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New York Times Magazine Author Critiques Law Enforcement Forfeiture Practices


January 1995

David Heilbroner, a former Manhattan assistant district attorney, takes a look at the "Alice-in-Wonderland" world of civil forfeiture in a recent article for the New York Times Magazine (David Heilbroner, "The Law Goes on a Treasure Hunt," The New York Times Magazine, Dec. 11, 1994, p. 70-73).

The author discusses a trip to Sulphur, Louisiana, where he was stopped by police on the pretext of failing to signal a lane change. Heilbroner, however, thought the police had spotted an out-of-towner who might be a forfeiture candidate:

The Sulphur police constitute what might be called one small segment of America's new blue line. The change began in the 1980s with a newly declared war on drugs. Drug enforcement agents bought high-tech hardware and set up extensive undercover operations. They also revived a legal weapon known as civil forfeiture. This began a transformation of American law enforcement . . .

Sulphur, population 20,552, illustrates the transforming power of civil forfeiture. It is a modest Southern town with one main drag, but at its north ends stands a modernistic new office building. Outside its tinted windows and trim lawn, the well-swept Tarmac is crowded with rows of gleaming blue-and-white cruisers and sporty unmarked coupes, many of them equipped with video cameras and computers. The building, cars and gear all belong to the Sulphur Police Department ...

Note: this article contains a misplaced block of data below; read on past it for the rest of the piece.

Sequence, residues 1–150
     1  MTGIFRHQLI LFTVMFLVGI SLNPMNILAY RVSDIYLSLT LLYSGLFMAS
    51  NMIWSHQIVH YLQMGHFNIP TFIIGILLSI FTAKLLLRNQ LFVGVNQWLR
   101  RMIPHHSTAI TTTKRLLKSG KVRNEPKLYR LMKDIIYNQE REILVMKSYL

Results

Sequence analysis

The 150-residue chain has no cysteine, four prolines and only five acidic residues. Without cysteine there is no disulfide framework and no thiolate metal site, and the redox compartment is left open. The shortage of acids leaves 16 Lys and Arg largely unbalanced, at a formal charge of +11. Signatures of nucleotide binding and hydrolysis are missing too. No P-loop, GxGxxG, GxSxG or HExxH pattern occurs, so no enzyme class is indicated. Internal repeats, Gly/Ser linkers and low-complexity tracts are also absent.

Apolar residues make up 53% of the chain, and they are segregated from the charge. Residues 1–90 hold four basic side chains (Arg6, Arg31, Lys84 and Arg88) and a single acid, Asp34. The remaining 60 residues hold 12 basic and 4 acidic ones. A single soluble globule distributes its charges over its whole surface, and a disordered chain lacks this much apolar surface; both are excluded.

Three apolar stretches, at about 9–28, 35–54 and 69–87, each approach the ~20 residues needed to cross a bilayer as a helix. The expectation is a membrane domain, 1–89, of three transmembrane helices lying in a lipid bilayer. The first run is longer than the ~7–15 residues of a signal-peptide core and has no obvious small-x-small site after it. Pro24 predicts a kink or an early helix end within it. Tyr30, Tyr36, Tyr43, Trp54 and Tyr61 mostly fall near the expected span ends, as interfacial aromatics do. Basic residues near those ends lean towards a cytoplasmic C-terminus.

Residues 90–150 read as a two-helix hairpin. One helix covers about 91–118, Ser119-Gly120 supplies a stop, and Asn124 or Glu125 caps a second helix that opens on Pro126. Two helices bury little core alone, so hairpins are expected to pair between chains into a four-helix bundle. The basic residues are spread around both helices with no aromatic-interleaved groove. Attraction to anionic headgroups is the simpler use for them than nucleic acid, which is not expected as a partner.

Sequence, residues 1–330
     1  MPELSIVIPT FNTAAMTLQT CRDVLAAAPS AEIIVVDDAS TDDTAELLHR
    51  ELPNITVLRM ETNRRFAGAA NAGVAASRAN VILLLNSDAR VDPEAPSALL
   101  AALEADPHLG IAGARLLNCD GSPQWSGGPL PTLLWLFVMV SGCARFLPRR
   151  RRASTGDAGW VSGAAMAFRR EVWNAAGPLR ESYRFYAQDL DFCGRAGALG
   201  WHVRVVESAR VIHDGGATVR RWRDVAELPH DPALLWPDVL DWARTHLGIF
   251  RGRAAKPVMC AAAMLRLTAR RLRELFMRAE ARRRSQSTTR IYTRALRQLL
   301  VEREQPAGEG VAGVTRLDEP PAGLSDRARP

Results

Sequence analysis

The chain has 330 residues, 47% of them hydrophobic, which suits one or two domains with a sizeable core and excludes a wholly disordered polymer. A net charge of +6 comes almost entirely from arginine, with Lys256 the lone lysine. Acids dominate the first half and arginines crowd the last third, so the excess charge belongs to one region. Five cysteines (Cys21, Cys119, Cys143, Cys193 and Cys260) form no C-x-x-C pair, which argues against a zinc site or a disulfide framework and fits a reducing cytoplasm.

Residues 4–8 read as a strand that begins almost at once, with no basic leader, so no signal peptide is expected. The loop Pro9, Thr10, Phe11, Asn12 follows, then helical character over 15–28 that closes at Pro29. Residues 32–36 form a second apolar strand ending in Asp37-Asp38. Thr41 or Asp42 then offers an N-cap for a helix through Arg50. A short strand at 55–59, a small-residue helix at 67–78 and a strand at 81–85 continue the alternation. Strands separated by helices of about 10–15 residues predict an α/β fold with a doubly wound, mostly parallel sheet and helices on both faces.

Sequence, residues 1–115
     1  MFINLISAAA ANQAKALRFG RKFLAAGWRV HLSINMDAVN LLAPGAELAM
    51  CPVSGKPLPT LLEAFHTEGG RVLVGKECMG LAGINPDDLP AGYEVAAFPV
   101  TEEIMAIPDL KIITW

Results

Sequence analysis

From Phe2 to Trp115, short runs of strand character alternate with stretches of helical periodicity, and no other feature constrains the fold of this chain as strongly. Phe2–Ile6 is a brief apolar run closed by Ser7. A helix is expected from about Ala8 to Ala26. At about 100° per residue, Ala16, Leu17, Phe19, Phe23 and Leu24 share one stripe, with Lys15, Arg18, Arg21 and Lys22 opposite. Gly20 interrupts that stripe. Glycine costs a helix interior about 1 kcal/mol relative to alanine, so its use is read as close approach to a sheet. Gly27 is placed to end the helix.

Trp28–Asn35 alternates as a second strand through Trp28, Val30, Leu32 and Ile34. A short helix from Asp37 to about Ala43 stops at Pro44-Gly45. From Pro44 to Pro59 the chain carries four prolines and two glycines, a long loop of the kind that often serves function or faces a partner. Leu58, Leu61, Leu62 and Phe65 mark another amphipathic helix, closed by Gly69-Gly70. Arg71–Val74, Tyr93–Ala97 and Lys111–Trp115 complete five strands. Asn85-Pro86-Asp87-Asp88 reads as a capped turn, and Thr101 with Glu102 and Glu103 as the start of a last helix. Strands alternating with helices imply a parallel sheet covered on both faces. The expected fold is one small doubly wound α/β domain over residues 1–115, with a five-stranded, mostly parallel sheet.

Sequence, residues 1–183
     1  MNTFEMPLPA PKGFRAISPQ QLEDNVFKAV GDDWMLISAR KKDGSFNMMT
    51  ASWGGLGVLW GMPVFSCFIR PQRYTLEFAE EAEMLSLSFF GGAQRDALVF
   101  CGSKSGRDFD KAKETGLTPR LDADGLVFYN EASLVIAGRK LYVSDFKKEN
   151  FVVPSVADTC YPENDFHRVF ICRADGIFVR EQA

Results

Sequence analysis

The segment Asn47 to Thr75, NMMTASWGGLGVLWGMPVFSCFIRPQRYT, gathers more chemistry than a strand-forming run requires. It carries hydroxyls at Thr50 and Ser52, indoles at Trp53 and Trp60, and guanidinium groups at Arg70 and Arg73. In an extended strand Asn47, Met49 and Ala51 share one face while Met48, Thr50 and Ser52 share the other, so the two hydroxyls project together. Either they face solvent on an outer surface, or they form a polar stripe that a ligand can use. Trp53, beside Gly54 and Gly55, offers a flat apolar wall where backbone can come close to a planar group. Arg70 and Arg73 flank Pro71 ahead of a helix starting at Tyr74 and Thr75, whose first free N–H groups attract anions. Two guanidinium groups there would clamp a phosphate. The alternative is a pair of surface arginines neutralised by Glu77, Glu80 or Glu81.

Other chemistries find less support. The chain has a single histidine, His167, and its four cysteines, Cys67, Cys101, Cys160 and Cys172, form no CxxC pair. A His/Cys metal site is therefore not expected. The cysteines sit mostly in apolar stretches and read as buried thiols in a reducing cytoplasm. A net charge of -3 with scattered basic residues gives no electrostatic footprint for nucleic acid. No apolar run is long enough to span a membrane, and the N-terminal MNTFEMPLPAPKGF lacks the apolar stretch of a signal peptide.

Sulphur may be a small town but it usually ranks first in asset seizures in Louisiana, far surpassing large, crime-ridden cities like New Orleans. Officials say that in the late 1980s, they learned how to turn highway stops into drug searches. They learned so well that since 1990 their police department has seized about $5 million, most of it in cash and at least half from drivers passing along I-10 [Interstate 10 is a major east-west corridor  -- the route between New Orleans and Houston. It is the route from the southeast to Los Angeles] ...

"I would never agree to putting somebody in jail without proof beyond a reasonable doubt," [Rick] Bryant [District Attorney of Calcasieu Park, which includes Sulphur] responds. "But I would agree to taking every dime that guy's got. You're not dealing with people. You're dealing with the forfeiture of property."